It’s time politics caught up with the reality of the climate emergency
Millions of people have been shut out of prosperity and power for too long. A Labour government will open up politics and ensure accountability, writes John McDonnell MP
A lot is at stake for our country in the weeks to come. By the end of the year I hope that Jeremy Corbyn will be prime minister and that we will have begun the long, hard work of turning around the social and environmental decline which a decade of Conservative austerity has brought about.
Not because I want to see the clock turned back to 2010 – and those who think it can be turned back to 2005 are no less mistaken – but because it’s time politics actually caught up with the reality of the climate emergency which Parliament declared in May but which the Government seems not to have noticed.
Almost everyone now agrees about the urgency of changing the way we treat our planet, but HM Treasury has not yet been deployed to the extent required to finance the just transition needed to a sustainable economy. That, above all, is the priority which I hope to bring there in the coming months.
An ambitious programme of government investment, our National Transformation Fund, will mobilise £250bn of capital spending on the projects needed to decarbonise Britain to avert irreversible climate change.
Supported by a National Investment Bank and network of regional development banks, we will make sure the transition to sustainability is one that benefits everyone across our society, unlike the forced dislocation of the Thatcher and Major eras.
The climate emergency may be the outcome of centuries of human behaviour which too many have only recently realised, but it has coincided with more short-term crises that have come about with the collapse in political legitimacy enjoyed by neoliberal capitalism.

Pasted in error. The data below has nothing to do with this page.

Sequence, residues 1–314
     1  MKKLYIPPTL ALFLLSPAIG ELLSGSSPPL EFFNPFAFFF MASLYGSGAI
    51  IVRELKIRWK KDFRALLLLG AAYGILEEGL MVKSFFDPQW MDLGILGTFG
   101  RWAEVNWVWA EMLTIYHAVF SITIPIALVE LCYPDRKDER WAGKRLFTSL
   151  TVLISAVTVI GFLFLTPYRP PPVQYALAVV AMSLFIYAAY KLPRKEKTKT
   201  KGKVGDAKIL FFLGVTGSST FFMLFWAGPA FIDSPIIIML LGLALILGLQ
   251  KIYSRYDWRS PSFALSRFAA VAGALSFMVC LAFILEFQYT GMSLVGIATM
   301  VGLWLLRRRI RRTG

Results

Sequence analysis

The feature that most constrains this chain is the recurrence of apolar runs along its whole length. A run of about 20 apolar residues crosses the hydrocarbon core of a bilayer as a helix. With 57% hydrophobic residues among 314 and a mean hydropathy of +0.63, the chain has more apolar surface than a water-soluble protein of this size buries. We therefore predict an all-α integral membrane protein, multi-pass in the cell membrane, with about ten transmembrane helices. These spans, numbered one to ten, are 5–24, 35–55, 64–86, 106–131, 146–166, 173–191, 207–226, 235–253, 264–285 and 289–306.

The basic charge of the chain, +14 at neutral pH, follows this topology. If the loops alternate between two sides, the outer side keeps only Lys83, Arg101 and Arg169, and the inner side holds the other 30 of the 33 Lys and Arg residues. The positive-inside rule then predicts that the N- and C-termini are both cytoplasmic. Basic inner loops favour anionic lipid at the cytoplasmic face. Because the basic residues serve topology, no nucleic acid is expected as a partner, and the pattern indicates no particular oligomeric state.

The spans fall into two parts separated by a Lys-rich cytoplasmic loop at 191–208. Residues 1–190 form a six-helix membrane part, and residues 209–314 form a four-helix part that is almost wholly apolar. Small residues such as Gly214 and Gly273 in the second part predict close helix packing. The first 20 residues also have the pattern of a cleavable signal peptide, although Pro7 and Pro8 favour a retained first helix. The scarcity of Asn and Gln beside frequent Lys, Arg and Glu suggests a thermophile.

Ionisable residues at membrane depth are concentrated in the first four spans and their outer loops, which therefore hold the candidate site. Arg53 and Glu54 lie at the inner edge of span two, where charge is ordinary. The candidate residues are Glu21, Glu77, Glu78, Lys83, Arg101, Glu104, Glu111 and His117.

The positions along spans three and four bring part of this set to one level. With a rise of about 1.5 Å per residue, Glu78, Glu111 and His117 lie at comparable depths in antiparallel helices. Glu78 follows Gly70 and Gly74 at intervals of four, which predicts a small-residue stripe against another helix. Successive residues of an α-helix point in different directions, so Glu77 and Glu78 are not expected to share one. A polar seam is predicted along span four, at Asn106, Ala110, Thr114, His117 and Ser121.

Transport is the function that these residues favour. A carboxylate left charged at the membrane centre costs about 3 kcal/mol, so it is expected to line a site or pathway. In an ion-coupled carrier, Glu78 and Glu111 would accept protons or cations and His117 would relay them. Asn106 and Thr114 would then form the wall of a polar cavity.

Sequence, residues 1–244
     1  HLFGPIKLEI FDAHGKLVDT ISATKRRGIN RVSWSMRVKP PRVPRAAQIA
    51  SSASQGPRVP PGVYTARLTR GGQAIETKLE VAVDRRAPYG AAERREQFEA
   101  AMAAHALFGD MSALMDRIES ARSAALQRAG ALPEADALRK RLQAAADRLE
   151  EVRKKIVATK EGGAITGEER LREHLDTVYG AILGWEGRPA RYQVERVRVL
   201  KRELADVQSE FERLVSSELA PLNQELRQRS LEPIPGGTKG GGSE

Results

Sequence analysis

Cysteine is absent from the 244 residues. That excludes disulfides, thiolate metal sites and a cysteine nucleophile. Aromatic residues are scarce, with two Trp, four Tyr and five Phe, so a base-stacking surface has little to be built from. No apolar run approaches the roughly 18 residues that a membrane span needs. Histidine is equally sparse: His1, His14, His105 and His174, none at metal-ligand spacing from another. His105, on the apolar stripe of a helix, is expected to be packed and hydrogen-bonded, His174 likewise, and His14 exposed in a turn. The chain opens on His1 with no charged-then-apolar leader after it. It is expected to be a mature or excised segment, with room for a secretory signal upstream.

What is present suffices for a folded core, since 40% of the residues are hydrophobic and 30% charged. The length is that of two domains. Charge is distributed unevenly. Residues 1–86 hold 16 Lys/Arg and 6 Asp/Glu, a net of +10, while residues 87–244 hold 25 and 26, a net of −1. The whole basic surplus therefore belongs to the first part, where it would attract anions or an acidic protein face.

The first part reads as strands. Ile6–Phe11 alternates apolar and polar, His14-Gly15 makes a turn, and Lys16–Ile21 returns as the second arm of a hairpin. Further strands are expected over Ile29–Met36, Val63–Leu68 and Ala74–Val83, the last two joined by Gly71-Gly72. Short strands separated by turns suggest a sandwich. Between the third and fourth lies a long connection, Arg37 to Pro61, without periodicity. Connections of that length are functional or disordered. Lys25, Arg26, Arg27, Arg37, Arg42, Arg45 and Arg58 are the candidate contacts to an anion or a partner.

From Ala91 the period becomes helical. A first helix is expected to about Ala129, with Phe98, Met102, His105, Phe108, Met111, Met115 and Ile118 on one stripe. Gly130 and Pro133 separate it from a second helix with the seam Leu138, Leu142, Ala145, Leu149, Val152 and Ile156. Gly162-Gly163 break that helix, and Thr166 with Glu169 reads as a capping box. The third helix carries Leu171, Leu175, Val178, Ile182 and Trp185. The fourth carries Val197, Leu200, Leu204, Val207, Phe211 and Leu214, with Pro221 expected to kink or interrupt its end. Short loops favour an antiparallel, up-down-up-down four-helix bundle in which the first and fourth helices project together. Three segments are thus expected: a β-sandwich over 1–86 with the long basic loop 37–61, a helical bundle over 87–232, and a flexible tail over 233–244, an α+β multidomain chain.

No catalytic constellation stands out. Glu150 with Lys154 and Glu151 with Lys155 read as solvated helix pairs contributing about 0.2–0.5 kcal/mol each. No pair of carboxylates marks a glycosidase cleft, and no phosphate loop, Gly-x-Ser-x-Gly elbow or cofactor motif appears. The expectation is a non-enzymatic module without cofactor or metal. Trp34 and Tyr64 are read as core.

Graft that on to the emergence of Brexit as a political divide and you have new dividing lines being laid across others which have become clearer and starker.
Whoever is in No 11, or No 10, the last few years have led to the threat of a crisis for our democracy as well as our climate, and more direct forms of political activity have come to the fore. Not just the referendum, of course, but the regular marches and demonstrations around Parliament that followed it. The direct action of climate protestors shutting down London, and the school climate strikers walking out to protest at a lack of action. The institutions which for many have been synonymous with ‘democracy’ are faced with potential challenges on all sides.
If Labour remains in opposition I can guarantee that we will be using any means possible to hold the new government to account. Whether that be debates on the floor of the House, or continued scrutiny of Brexit legislation such as the hundreds of statutory instruments rushed through by the previous prime minister.
Whether it be a second Brexit referendum, peaceful direct action or industrial action taken by workers, we will stop at nothing to hold the prime minister accountable in his attempts to distract the country from stagnant wages, crumbling infrastructure and deteriorating environment with the fantasy promises of a no deal Brexit.
And likewise, if we are in government, I hope and believe that we will be forced to deliver on the promises that put us there, and our responsibilities to future generations. I want to see the Budget-making process opened up, with discussions open to people around the country. I want to see our opaque system of regulation swept clean with transparent supervision so people can trust their interests are being served. I have pledged to make the Office for Budget Responsibility answerable to Parliament in order to guarantee its independence and right to criticise us in government. I have also asked the ‘big five’ employer organisations to tell us how we can best involve them in discussions about policymaking.
It isn’t good enough for politicians to talk about scrutiny in opposition unless they are willing to walk the walk when in office. Our authority as legislature and executive is always at the disposal of the electorate but we cannot mistake being in the House of Commons or Downing Street for a blank cheque.
Millions of people have been shut out of prosperity and power for too long in this country. I hope that if the present period of instability passes, it does not lead to a reinstatement of the status quo.
For the sake of the school strikers and everyone else who will be on the end of the climate catastrophe, we need more accountability for our actions than ever seen before – in Westminster at least.
John McDonnell is Labour MP for Hayes & Harlington and shadow chancellor of the Exchequer